If you believe the CDC and the WHO, the Ebola virus is difficult to catch and requires basically cutting yourself open with an infected scalpel. Clearly, this is not the case in this outbreak. But where did they get that idea, and why hasn’t this outbreak fizzled out like every other one of the over thirty plus outbreaks we’ve documented?
First, the CDC and the WHO aren’t making up the “hard to get this virus” story. It’s based on the history of Ebola virus dating back to the 1970’s. If you read the CDC’s history of Ebola outbreaks, it’s one screw-up after another, but in the end the outbreaks burned themselves out. Often in the first and only clumsy lab worker who infected themselves with a dirty scalpel. (Here’s the CDC history).
If you look at that history, which reads like the beginning of several pandemic thrillers, workers who contracted Ebola virus often didn’t get sick. They’d test positive for antibodies, but never have any symptoms.
How is it possible that we’re now seeing people get this illness and die by the thousands? Hint: it’s not because of urban settings. And it’s not because of increased air travel. Back in 1994 a Swiss scientist contracted Ebola from a Chimp corpse. She visited a hospital in Africa and then was flown back to Switzerland for supportive treatment. The whole time she was never placed under strict containment measures. They even let her out by day fifteen, so she was walking around for four more weeks with symptoms and never infected another person. (From a Stanford student’s Honors Thesis on Ebola, here) If that was this virus, the Swiss would be quarantined.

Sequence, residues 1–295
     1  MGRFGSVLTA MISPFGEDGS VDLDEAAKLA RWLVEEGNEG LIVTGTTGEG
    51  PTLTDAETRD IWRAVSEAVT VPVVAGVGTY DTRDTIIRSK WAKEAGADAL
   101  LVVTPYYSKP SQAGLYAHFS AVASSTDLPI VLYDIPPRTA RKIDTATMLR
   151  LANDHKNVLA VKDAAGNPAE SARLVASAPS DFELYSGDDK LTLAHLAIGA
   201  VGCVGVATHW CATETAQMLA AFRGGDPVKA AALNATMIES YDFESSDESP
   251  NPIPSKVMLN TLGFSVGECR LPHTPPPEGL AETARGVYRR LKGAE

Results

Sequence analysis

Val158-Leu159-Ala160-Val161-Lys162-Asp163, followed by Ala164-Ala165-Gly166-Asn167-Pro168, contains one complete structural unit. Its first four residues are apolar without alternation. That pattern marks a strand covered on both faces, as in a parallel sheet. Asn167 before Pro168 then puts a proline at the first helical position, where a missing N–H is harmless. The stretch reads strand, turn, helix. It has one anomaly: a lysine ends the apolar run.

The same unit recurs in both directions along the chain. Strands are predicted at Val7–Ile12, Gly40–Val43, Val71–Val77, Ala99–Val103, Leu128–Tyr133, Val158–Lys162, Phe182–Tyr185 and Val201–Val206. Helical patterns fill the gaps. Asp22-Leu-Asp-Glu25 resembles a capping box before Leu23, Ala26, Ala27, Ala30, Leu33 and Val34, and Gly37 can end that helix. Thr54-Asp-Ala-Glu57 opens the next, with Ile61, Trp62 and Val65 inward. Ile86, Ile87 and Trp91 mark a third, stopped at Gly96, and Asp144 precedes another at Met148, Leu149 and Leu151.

So why is this Ebola outbreak different? It’s because it’s not the same virus. When we say “Ebola” we all think of the same disease. But like the influenza virus, there are different families or clades of Ebola virus. This particular virus is barely in the Zaire family, it’s a genetic outlier. (see this Ebola’s full family tree here) So like SARS, or Avian Flu, or any new influenza virus, this particular version of Ebola is a mutation. Now, that doesn’t mean it’s airborne, but evidently it means that this particular strain is far more contagious.
But wait, should we know more about this particular Ebola strain? Nope. The mapping for this strains genetics includes “158 Ebola strains and 2 Marburg strains.” That’s a lot of different options.
Does the variety of options explain a lot of the confusion the CDC is experiencing about Ebola? Yes. Back in 1995, they could trace an African Ebola outbreak in health workers almost entirely to the unsanitary reuse of needles that had been used first on an Ebola patient. (Stanford thesis). We had horrific outbreaks in monkeys with Ebola shipped all over the world in 1989, and not a single worker got ill even though they got antibodies. So they thought they knew the risks and they weren’t very high.
So the experts are not prepared for the virulence of this particular strain. It’s far more infectious and deadly than previous strains of the same virus. While their mistakes are understandable, it’s time to get serious about Ebola. Even though no one is talking about airborne, patients need to be treated “as if.”
And if anyone cares, these are the New York Times (CDC data) graphs of the outbreak in Liberia. Maybe it’s time to really have a shift before we lose a generation of Liberians.
What you’re looking at are best and worst case scenarios. The best case is losing 27,000 people. The worst case is losing half a million to one and a half million. The population of Liberia is around four million, and the lives lost in two recent civil wars was about 250 thousand.